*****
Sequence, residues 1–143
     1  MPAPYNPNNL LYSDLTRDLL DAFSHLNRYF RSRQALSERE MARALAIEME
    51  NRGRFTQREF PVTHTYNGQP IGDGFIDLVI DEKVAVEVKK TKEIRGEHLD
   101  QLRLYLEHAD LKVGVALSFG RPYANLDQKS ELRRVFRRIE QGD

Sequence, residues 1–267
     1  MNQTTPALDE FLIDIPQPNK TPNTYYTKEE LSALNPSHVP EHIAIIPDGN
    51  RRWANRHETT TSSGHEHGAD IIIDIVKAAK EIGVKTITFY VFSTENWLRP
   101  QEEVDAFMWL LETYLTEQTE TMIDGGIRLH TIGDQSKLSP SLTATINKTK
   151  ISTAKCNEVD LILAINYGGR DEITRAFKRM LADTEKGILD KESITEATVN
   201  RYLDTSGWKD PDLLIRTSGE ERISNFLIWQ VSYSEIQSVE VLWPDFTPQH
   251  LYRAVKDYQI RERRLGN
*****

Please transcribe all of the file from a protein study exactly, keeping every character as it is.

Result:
Sequence, residues 1–143
     1  MPAPYNPNNL LYSDLTRDLL DAFSHLNRYF RSRQALSERE MARALAIEME
    51  NRGRFTQREF PVTHTYNGQP IGDGFIDLVI DEKVAVEVKK TKEIRGEHLD
   101  QLRLYLEHAD LKVGVALSFG RPYANLDQKS ELRRVFRRIE QGD

Sequence, residues 1–267
     1  MNQTTPALDE FLIDIPQPNK TPNTYYTKEE LSALNPSHVP EHIAIIPDGN
    51  RRWANRHETT TSSGHEHGAD IIIDIVKAAK EIGVKTITFY VFSTENWLRP
   101  QEEVDAFMWL LETYLTEQTE TMIDGGIRLH TIGDQSKLSP SLTATINKTK
   151  ISTAKCNEVD LILAINYGGR DEITRAFKRM LADTEKGILD KESITEATVN
   201  RYLDTSGWKD PDLLIRTSGE ERISNFLIWQ VSYSEIQSVE VLWPDFTPQH
   251  LYRAVKDYQI RERRLGN